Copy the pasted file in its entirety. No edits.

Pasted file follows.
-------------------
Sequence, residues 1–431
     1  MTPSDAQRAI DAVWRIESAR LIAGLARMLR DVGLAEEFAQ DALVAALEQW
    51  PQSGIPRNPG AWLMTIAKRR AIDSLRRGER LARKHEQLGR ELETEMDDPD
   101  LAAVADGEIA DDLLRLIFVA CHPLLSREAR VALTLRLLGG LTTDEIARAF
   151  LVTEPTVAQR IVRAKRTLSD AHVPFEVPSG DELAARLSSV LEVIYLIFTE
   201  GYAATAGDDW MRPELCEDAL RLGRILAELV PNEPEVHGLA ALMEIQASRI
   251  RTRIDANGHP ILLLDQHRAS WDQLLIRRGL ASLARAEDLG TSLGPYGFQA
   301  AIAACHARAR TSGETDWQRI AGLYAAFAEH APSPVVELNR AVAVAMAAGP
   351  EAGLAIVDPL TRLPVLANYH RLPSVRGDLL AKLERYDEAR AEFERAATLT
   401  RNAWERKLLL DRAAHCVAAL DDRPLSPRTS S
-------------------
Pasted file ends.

Sequence, residues 1–431
     1  MTPSDAQRAI DAVWRIESAR LIAGLARMLR DVGLAEEFAQ DALVAALEQW
    51  PQSGIPRNPG AWLMTIAKRR AIDSLRRGER LARKHEQLGR ELETEMDDPD
   101  LAAVADGEIA DDLLRLIFVA CHPLLSREAR VALTLRLLGG LTTDEIARAF
   151  LVTEPTVAQR IVRAKRTLSD AHVPFEVPSG DELAARLSSV LEVIYLIFTE
   201  GYAATAGDDW MRPELCEDAL RLGRILAELV PNEPEVHGLA ALMEIQASRI
   251  RTRIDANGHP ILLLDQHRAS WDQLLIRRGL ASLARAEDLG TSLGPYGFQA
   301  AIAACHARAR TSGETDWQRI AGLYAAFAEH APSPVVELNR AVAVAMAAGP
   351  EAGLAIVDPL TRLPVLANYH RLPSVRGDLL AKLERYDEAR AEFERAATLT
   401  RNAWERKLLL DRAAHCVAAL DDRPLSPRTS S